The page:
- UNC has 90 days to respond to the NCAA enforcement findings
- Academic fraud spanned 18 years and involved 3,100 students
The University of North Carolina was told by the NCAA that it violated rules stemming from academic fraud that spanned 18 years and involved 3,100 students.
The National Collegiate Athletic Association this week sent a notice of allegations to UNC, a document that details violations and supporting evidence uncovered by the enforcement staff of college sports’ governing body. UNC confirmed receipt of the document on Friday.
The school has 90 days to review the document and file a response if it wishes to challenge any of its content. The NCAA’s enforcement group then has 60 days to craft a rebuttal for the Committee on Infractions, which will then hear both sides. That means a resolution in the case may take until the end of 2015 or early 2016.
“We take these allegations very seriously, and we will carefully evaluate them to respond within the NCAA’s 90-day deadline,” Athletic Director Bubba Cunningham and Chancellor Carol Folt said Friday in a joint statement. "Consistent with NCAA protocols, the university cannot comment on details of the investigation until it is completed."
The school will release the NCAA notice "as soon as possible" following a privacy rights review, according to the release.
Cunningham said last year that the NCAA was reopening its 2011 investigation into academic irregularities at the Chapel Hill institution. That NCAA report, which focused primarily on football players, was the first public revelation of academic fraud that has since widened through a series of investigations. The report also led to the dismissal of football coach Butch Davis and the departure of athletic director Dick Baddour.
The academic violations caught national attention after Mary Willingham, a learning specialist for UNC student-athletes, went public with allegations that some football and basketball recruits had the literacy skills of grade-school students. Willingham, who was demoted, resigned in April 2014.
The five-time NCAA champion men’s basketball team has become the face of the fraud from an athletics perspective. Rashad McCants, a member of the UNC team that won the 2005 national title, told ESPN last year that tutors wrote his term papers and that he made the dean’s list in 2005 after receiving straight As in four classes he didn’t attend.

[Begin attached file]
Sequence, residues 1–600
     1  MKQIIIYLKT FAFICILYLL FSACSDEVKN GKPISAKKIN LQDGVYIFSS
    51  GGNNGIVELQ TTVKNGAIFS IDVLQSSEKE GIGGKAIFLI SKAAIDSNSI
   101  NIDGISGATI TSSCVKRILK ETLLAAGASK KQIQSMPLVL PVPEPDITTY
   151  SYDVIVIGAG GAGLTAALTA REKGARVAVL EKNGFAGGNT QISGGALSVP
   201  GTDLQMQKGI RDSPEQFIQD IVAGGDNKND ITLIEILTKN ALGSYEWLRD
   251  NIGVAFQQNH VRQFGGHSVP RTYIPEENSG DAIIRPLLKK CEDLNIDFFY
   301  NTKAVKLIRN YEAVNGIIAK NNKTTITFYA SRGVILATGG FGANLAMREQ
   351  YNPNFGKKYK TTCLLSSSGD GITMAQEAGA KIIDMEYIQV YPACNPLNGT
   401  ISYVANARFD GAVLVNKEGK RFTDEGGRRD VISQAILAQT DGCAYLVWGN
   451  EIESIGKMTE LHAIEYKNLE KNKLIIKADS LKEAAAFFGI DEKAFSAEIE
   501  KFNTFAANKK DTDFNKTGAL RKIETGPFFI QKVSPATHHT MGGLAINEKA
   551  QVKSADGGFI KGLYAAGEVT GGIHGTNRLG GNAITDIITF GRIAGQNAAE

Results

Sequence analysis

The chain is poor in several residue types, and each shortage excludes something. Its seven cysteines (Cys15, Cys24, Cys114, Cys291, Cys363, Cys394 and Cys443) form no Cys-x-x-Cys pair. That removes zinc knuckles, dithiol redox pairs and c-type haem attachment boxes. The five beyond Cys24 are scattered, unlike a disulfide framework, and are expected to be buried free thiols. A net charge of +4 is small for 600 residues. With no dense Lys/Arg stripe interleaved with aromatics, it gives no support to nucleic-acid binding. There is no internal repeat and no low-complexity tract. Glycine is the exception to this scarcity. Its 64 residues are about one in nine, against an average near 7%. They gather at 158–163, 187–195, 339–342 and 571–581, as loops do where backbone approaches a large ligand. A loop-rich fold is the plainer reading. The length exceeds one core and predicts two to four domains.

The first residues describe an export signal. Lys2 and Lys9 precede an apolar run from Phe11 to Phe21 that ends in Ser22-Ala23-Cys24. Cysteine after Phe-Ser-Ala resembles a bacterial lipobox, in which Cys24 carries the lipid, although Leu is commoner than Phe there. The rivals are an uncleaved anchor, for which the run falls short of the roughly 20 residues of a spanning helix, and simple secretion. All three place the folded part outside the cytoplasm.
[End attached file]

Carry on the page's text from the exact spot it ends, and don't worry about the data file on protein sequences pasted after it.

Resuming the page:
UNC men’s basketball coach Roy Williams told the Citizen-Times in Asheville that the uncertainty of the NCAA investigation has damaged recruiting.
"But at the same time, we made some mistakes at our university, mistakes we are not proud of," Williams said, according to the paper.
In October, the school released the results of an independent investigation into the fraud, which included 3,100 students, almost half athletes, taking so-called paper classes -- with no faculty involvement or class attendance. Folt at the time called the fraud "the bad actions of a few and the inaction of others."
The investigation, led by attorney Kenneth Wainstein, found a “shadow curriculum” in the African and Afro-American Studies department, where hundreds of irregular or fake courses were offered. Unlike previous inquiries into the fraud, the report implicated the university for failing to better oversee the department and probed instances where deans and other senior administrators could have sounded an alarm about the classes.
Earlier this year, former UNC women’s basketball player Rashanda McCants -- Rashad’s sister -- and former football player Devon Ramsay sued UNC, claiming they were steered toward the paper classes for the purpose of ensuring continued eligibility. The NCAA was named as a co-defendant in the suit.